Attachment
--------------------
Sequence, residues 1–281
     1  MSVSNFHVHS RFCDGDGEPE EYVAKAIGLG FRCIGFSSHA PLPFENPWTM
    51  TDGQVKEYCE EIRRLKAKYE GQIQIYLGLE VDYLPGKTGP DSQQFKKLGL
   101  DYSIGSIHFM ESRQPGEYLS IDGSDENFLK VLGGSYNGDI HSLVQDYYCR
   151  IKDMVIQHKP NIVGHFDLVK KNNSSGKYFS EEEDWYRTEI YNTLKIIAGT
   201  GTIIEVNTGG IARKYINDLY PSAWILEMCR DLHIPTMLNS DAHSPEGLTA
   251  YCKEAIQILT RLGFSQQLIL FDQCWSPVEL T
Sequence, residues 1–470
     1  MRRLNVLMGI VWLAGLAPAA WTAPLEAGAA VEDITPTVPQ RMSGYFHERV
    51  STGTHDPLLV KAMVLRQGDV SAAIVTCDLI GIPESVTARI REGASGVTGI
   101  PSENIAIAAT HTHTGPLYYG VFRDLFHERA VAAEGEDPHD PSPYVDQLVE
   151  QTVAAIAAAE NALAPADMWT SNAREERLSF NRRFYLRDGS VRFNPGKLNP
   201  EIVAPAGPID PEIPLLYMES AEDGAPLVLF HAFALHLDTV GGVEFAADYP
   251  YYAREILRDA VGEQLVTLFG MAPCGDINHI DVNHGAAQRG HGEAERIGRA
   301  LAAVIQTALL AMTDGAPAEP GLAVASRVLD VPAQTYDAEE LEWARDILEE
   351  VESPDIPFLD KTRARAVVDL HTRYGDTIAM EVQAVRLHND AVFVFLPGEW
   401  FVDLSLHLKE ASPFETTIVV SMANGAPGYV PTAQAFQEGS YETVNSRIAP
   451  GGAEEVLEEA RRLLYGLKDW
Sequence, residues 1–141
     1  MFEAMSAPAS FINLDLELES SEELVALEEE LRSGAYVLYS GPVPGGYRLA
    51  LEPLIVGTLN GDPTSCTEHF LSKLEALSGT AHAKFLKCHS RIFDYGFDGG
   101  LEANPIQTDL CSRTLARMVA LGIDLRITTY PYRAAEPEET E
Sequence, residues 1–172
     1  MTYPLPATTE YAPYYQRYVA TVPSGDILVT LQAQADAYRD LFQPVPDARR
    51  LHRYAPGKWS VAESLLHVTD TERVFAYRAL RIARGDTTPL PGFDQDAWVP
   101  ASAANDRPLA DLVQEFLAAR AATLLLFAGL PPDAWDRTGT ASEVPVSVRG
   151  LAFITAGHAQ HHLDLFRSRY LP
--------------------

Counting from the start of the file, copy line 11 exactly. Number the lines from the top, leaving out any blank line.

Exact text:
   101  PSENIAIAAT HTHTGPLYYG VFRDLFHERA VAAEGEDPHD PSPYVDQLVE